Foundation Watch

Foundations Destroying American Public Education: Two Steps Ahead

Foundations Destroying American Public Education (full series)
The Hydra | Equity Initiatives | Education
Youth Activism | Two Steps Ahead


Foundations Are Two Steps Ahead of the Democratic Establishment

The Ford Foundation harbors a sort of shadow government. Kamala Harris’s sister and closest political confidante, Maya Harris, was a Ford Foundation vice president, after previously working for PolicyLink, a key equity activist group and Ford grantee. Joe Biden’s senior campaign advisor, Cristóbal Alex, was its program director during the Obama years. Ford’s chief of staff, Taara Rangarajan, was President Obama’s national security advisor for about three years. Even Obama’s mother worked for the Ford Foundation at one point.[1]

Ford has also shown a knack for steering the Democratic Party to the left. It does this by funding groups that operate at local levels that are more radical than national mainstream politics would accommodate. Once the time is right, they are elevated to national roles.

For example, between 2013 and 2020, Ford gave a Florida-based group called Dream Defenders $1.1 million to “build a young people’s movement to end mass incarceration” and other “youth-led civic engagement organizing.” As the group explained in 2018, “we believe that our liberation necessitates the destruction of the political and economic systems of Capitalism. . . . We want an immediate end to the police state and murder of Black people. . . . We want free, fully-funded public education for all that teaches us our true history and our role in present day society. We want community control of land, bread, housing, education, justice, peace and technology.” Dream Defenders is involved in county-level races for state attorneys, backing candidates for prosecutors who align with their mission of “a world without prisons, policing, surveillance and punishment.” It is run by Philip Agnew, whose fringe racial beliefs, the Anti-Defamation League said, posed harm to “the State of Israel and the American Jewish Community.” In March 2020, Bernie Sanders’s presidential campaign tapped Agnew as a senior advisor on matters of race and inequity.[2]

On the day when Joe Biden assumed the presidency, the North Star Fund—which the Ford Foundation funded to the tune of nearly $1 million from 2016 to 2019, with the Rockefeller, Surdna, and Soros foundations chipping in as well—bemoaned, “The administration may have changed but white supremacy and capitalism are still here.”[3]

Local Matters

K–12 schools are run by thirteen thousand independent school districts, but foundations have also perfected the art of implementing national political agendas through local government.

Financially, this is a brilliant plan. For the same amount political actors might spend influencing one congressional election, they could elect an entire slate of school board candidates or county council members in a large jurisdiction. Unlike a back-bench congressman, these school board or council members would enjoy complete control. It is not just money, but the lack of attention that makes these efforts especially potent. In fact, it is easy to elect far-left candidates in center-left jurisdictions, because if the far-left candidate can squeak through in a primary where just 5 percent of voters participate, a majority Democrat county is likely to blindly support him in the general election, with no real idea who he or she is.[4]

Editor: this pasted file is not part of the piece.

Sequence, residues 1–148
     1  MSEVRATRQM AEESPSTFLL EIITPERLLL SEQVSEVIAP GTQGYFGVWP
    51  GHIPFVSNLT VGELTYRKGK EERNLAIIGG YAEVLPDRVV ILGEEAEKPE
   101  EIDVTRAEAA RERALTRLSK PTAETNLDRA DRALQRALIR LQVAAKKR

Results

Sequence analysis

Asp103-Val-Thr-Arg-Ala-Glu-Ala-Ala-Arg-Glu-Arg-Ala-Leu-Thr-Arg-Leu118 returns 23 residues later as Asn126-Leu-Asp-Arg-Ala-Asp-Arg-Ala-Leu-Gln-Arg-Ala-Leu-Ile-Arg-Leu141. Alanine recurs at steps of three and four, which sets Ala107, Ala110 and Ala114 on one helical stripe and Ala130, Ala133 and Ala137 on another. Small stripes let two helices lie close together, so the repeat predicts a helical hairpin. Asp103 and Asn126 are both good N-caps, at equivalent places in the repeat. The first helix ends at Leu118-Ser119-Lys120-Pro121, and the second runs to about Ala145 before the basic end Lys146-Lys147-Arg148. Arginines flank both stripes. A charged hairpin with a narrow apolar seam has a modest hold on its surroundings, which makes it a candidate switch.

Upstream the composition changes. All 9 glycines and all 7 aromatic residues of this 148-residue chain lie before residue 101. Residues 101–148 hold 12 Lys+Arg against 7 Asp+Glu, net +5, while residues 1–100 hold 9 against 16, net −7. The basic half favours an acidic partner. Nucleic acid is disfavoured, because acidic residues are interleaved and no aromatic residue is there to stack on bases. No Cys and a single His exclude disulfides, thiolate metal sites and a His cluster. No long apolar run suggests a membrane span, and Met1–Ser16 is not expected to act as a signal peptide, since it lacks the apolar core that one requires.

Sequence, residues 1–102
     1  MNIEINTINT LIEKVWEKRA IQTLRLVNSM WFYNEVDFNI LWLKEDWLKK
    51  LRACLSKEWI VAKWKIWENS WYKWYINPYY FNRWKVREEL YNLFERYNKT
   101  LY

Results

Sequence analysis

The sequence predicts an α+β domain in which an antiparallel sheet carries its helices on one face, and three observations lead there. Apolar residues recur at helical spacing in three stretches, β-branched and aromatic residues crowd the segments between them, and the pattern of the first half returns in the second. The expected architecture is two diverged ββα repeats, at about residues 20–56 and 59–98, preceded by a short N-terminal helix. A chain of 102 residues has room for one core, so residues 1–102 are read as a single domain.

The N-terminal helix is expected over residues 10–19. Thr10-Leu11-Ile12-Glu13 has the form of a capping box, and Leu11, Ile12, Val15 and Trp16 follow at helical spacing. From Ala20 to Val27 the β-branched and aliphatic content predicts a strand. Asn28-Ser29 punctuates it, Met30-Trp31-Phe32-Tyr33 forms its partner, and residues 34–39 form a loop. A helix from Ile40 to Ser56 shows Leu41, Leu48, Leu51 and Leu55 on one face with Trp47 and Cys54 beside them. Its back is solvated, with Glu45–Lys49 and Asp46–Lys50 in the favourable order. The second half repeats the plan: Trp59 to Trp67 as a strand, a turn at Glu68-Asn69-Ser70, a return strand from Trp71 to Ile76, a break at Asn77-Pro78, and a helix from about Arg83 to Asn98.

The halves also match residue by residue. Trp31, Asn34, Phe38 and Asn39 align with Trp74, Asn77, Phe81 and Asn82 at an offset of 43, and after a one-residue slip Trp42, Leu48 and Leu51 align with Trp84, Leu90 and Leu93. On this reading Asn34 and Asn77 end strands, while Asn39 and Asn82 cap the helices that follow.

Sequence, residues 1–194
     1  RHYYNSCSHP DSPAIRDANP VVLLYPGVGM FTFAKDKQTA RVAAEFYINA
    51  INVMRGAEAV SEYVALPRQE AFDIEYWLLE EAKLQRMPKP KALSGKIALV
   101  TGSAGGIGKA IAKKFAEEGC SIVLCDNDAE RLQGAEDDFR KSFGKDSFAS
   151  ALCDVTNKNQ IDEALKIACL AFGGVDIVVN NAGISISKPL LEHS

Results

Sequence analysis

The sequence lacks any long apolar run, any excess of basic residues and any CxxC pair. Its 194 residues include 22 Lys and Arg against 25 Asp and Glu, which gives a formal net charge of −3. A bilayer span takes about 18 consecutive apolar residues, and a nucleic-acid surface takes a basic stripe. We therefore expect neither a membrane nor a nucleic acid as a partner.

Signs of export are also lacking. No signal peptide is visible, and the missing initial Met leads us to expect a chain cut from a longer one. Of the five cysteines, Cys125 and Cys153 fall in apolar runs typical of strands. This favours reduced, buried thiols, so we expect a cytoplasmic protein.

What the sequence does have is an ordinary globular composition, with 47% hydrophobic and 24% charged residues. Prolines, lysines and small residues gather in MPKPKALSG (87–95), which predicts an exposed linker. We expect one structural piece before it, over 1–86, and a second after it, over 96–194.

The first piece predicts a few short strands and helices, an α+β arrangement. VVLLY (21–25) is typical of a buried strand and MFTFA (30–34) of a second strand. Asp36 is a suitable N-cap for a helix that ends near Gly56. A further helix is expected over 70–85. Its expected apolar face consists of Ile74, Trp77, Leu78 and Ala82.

This goes doubly for the suburbs. Suburbs are crucial to those seeking to transform American politics because they are among the only “purple” areas left. Generally speaking, U.S. cities are blue, and rural areas are red. Therefore, as go the suburbs, so goes America. Suburban residents often pay little attention to municipal elections, and newspapers have been forced to cut back severely on local coverage. But some populous suburban counties have upward of one million people—more than the population of six states.[5] Savvy political operatives realized that this offered them a remarkable opportunity.

A large portion of what might appear to be grassroots local activism, particularly concerning education issues, can be traced directly to the foundations.

One of the counties with more than one million residents is Wake County, North Carolina. There, a group called the Youth Organizing Institute pays children $100 to attend a “Freedom School” that trains them to become activists on topics like “environmental racism,” the “school to prison pipeline,” “Indigenous land reclamation,” and “reproductive justice.”[6]

There is no paperwork about this group because it is an arm of another nonprofit, called the Southern Vision Alliance, whose other tentacles include the Community Alliance for Public Education; Comite de Accion Popular . . . ; and Durham Beyond Policing, whose goal is to get “police out of our neighborhoods!” Southern Vision Alliance is funded by the Ford Foundation and the New Venture Fund.[7]


This article is Chapter 11, “Foundations,” in Race to the Bottom: Uncovering the Secret Forces Destroying American Public Education by Luke Rosiak, which was released in March 2022. Reprinted with permission. The visuals in this reprinting were not in the book.






[4] For example, the congresswoman whose district includes all of Loudoun, plus part of a neighboring county, raised thirty-two times more than the nine-person Loudoun school board combined, while her district is only twice as big as Loudoun in population.



[7];, part III, 4b, p. 2;

Luke Rosiak

Luke Rosiak is an investigative reporter with the Daily Wire who broke stories that put Loudoun County Public Schools on the national stage. He previously worked as a journalist at…
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